The quest to find foods that support the healthy ageing process and boost longevity is certainly not new. For decades, there have been studies observing the Blue Zones, regions of the world where people live the longest, as well as the benefits of the famous polyphenol-rich Mediterranean diet - often full of vegetables, fruits, legumes, nuts and unsaturated fats such as olive oil. The latter has long been considered a healing food for health and longevity. Similarly, the Washoku diet based on traditional Japanese cuisine consists of whole foods rich in seafood and plant-based foods. These kinds of diets coupled with exercise and a lifestyle that limits tobacco and alcohol can all contribute to healthy ageing.
With the growing number of seniors globally there are opportunities for innovative food and drink brands within the older consumer market. New products clearly aimed at this group are far and few between which means food products and ingredients helping to meet the specific nutritional requirements of older consumers and support healthy ageing can stand out.
What are the anti-inflammatory benefits of polyphenols?
There is a growing body of research that shows a diet rich in polyphenols plays an essential role in maintaining good health by boosting the immune system, improving cognitive function, and protecting against inflammation particularly in older people.
In a 2020 review, researchers identified olive oil and other high-fat foods as anti-inflammatory as well as having an overall positive effect on health due to their high polyphenol content. This high polyphenol content in turn works to prevent intestinal microbes from making compounds that damage blood vessels.
Whilst a study published earlier this year in the journal Molecular Nutrition and Food Research noted that polyphenols consumed in foods by seniors alter bacteria present in the gut to produce IPA. This is a postbiotic known for its anti-inflammatory, antioxidant and neuroprotective properties. It also helps to guard against a leaky gut. With such benefits, a higher intake of polyphenols could help to prevent some diseases associated with the ageing process.
A polyphenol-rich diet supports healthy ageing
Much of the food we consume contains complex polyphenols typically found in the outer layers of plants. And a polyphenol-rich diet including probiotic foods such as green tea, dark chocolate, as well as fruits such as blueberries, apples and pomegranate can help reduce the risk of cognitive decline in the elderly.
Moreover, polyphenols can be found in everyday plant-based foods, herbs and spices, red wine and even tempeh. By consuming more polyphenols in their diets, seniors could boost longevity and prevent chronic diseases that affect the quality of life in later years.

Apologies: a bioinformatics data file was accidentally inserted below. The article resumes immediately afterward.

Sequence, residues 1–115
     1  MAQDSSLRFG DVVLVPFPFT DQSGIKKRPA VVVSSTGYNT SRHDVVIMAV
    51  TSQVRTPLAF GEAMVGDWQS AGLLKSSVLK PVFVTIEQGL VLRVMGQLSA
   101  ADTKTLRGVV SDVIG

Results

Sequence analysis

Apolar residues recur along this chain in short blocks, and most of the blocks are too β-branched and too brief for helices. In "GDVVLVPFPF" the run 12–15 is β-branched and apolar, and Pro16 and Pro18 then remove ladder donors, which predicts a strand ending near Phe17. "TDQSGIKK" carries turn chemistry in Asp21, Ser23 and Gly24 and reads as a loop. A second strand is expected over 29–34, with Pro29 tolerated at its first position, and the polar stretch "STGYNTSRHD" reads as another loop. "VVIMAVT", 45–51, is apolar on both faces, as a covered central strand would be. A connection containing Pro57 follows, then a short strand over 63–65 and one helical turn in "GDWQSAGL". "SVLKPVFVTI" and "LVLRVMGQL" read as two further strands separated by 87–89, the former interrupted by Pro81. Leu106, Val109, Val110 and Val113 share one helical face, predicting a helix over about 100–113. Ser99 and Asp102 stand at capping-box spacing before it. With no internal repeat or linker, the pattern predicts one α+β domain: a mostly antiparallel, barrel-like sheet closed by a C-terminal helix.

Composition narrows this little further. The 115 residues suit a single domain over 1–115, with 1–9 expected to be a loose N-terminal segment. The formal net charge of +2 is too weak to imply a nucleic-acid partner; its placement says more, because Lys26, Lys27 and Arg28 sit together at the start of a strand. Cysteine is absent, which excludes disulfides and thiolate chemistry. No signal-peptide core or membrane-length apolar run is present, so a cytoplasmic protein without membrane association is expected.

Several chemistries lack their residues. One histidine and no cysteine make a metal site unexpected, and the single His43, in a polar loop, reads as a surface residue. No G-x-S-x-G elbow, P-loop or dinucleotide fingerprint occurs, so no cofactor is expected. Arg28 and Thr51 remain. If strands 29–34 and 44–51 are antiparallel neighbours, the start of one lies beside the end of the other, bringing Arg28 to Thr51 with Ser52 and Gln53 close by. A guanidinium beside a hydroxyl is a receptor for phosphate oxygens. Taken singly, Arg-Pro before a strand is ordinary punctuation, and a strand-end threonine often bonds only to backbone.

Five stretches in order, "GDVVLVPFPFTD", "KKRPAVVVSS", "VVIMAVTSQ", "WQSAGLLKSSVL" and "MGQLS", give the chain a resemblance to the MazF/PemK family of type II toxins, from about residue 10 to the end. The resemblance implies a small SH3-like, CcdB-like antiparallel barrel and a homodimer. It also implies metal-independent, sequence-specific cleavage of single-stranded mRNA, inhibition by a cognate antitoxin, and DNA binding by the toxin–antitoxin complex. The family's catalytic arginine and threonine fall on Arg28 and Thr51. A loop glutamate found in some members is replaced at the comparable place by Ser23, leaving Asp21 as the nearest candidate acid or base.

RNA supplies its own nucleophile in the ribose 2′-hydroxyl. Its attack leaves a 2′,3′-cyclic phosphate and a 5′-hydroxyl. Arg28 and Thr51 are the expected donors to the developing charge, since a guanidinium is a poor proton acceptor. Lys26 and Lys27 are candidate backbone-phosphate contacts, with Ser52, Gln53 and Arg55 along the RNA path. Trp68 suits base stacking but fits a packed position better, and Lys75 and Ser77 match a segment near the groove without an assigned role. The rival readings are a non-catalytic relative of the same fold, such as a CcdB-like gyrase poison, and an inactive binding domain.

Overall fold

With over 8,000 polyphenols found in nature there is much produce to derive health-boosting benefits from. Polyphenols are divided into four different categories: flavonoids, stilbenes, lignans, and phenolic acids and can be found specifically in some of the foods listed below -
- Flavonoids - fruits, vegetables, legumes, red wine, and green tea
- Stilbenes - red wine and peanuts
- Lignans - seeds such as flax, linseed, legumes, cereals, grains, and algae
- Phenolic acids - coffee, tea, cinnamon, blueberries, kiwis, plums, apples, and cherries
A variety of polyphenol-rich foods taken from each of these four categories will not only provide a holistic health boost for older people, but offer a multitude of other essential vitamins, minerals, and nutrients to improve overall wellbeing. This will help to protect the body from free radicals, defend against UV radiation and harmful germs.
Equally, filling plates with these immunity-boosting compounds positively affects the brain, heart, and digestive health which means consistent consumption of the polyphenol-rich foods listed above will be essential to nourishing the bodies of seniors and supporting healthy ageing.
Functional nutrition: blueberries, green tea and beyond
In a 2018 review from the journal Frontiers in Nutrition, trials found that blueberry extract drinks promote beneficial probiotics, while green tea extract was found to regulate bacteria like Clostridium difficile, Escherichia coli, and Salmonella typhimurium.
Some brands are already leading with these polyphenol-rich ingredients in their nutritional marketing. Estonian health foods brand, Loov carefully details the benefits of polyphenols in their organic wild blueberry juice ‘our handpicked wild blueberries have a high anthocyanin content and are a good source of polyphenols’. Whilst US vitamin brand Codeage writes that their supplements are ‘plant-based antioxidants with 16 different polyphenols all-in-one,’ highlighting the variety and effectiveness of their polyphenol-led product, boosting health with ease and all in one single dose.